While we’ve probably all seen lunar eclipses before, the thing that makes this one so special is that we will have the right alignment between the earth, sun, and moon.  This will cause a penumbral eclipse to lead to a partial eclipse, and then the partial eclipse will become a total eclipse. Once the Moon is located entirely within the Earth’s shadow, it will be one of the most spectacular recurring sights to sky watchers everywhere on the night side of the Earth.

During a total lunar eclipse, the Moon may be outshone by the planets Venus, Jupiter, Mars or Saturn, as well as by the bright stars Sirius, Canopus, Alpha Centauri, and Arcturus.

While, during this eclipse, the Moon itself will still be visible as the sunlight filters through Earth’s atmosphere falls on the lunar surface, but the Moon will appear to be red because of the same effects that turn the sky blue during the day.  This is known as a Blood Moon. WOW!

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Looked Drunk to Me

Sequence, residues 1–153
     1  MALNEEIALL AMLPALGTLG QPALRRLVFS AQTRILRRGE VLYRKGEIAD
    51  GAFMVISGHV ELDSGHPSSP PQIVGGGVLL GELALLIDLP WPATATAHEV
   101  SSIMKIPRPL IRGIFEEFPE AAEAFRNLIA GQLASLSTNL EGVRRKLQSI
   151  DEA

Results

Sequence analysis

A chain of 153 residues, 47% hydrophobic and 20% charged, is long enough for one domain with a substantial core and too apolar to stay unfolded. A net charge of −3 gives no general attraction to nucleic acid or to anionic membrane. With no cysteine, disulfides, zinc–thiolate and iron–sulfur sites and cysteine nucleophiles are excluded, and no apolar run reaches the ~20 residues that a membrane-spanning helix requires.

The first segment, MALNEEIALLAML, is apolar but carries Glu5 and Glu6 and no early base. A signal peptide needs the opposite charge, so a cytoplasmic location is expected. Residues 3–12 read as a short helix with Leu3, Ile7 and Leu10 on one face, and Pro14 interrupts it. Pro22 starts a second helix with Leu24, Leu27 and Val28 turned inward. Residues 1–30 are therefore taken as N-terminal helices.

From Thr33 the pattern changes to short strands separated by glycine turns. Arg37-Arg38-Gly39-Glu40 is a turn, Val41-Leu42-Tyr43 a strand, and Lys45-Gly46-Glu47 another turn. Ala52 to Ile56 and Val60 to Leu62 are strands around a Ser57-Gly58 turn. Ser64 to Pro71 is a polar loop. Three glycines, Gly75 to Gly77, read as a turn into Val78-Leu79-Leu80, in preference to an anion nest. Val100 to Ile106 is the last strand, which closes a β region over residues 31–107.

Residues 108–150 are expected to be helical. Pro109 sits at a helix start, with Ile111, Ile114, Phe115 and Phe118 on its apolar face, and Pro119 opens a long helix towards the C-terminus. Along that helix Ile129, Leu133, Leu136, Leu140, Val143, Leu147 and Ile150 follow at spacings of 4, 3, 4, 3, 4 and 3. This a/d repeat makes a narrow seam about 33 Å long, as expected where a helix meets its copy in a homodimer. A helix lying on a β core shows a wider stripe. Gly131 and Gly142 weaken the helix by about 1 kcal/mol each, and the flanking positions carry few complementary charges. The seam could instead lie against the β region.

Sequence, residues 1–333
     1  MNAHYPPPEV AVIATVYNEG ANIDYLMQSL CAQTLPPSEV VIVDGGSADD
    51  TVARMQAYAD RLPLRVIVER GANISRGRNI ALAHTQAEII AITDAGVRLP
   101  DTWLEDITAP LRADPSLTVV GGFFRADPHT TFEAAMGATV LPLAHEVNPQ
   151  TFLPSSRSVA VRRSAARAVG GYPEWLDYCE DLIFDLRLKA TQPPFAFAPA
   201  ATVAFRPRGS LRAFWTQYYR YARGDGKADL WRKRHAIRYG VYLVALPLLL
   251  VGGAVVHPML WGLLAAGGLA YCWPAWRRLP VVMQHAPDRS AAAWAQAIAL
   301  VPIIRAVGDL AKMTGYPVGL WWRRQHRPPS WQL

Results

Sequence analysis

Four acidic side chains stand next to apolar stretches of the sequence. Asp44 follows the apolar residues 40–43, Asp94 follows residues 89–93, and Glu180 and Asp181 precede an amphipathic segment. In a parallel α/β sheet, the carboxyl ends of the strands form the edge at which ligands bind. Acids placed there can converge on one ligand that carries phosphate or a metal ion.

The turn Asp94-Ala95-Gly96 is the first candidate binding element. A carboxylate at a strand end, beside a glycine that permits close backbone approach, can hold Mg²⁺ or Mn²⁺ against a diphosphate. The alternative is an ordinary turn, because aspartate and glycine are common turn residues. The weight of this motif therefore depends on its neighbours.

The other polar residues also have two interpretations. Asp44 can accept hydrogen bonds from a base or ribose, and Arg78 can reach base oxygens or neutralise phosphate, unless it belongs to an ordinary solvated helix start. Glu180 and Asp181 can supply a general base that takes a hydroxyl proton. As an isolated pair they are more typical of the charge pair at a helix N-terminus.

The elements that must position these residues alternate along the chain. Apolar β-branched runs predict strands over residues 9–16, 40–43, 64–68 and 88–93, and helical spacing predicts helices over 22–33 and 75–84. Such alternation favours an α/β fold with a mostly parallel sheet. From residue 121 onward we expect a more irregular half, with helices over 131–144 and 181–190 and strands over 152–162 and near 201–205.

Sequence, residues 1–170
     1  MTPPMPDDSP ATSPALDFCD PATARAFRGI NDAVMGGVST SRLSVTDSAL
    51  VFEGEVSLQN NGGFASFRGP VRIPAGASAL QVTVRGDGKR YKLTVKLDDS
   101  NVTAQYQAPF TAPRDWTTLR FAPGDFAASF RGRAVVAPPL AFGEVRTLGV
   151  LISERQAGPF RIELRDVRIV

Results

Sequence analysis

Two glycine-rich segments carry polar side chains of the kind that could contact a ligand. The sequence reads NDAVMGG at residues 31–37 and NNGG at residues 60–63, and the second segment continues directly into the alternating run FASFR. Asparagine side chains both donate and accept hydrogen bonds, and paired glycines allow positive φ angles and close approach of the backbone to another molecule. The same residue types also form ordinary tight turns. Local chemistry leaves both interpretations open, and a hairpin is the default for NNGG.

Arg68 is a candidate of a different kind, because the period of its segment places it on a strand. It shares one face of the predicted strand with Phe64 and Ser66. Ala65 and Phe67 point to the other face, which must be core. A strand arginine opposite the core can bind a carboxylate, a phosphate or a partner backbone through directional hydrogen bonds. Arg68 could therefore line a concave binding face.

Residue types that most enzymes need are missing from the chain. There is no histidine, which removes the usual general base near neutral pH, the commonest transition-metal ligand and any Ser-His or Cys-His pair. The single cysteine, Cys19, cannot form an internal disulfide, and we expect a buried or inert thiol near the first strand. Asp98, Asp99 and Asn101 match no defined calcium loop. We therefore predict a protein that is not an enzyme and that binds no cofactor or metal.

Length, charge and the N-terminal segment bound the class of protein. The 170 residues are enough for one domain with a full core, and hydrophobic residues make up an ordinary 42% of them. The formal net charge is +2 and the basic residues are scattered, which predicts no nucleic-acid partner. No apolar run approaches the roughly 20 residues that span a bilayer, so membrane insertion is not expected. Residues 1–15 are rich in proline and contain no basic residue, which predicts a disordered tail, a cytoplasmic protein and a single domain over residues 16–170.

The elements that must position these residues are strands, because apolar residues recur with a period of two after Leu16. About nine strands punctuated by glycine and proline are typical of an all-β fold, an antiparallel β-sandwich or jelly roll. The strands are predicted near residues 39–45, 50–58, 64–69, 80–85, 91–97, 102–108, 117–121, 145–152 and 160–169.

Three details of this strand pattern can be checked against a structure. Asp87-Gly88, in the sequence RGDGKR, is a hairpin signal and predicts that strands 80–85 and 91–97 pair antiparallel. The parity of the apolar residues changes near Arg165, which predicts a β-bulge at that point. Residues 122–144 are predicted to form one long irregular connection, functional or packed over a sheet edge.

It’s Monday. Welcome to a new week. Today is the day for “Monday Ministry.” Did you know that Attorney Dean Burnetti went to seminary before he was called to the legal field?  The following is a devotion given to you by Dean…

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Luke 6:36-37  “You must be compassionate, just as your Father is compassionate. Do not judge others, and you will not be judged…”

judgeI was sitting in Chili’s just last night. It was so busy that we made a run for the bar stools. I am getting used to it… No wait, no children, faster service, and multiple TV’s to watch.

About four stools down to my left was another old guy like me.  He was sipping on a beer. All of a sudden, he started to get loud. His speech sounded slurred as he tried to talk to someone across the bar.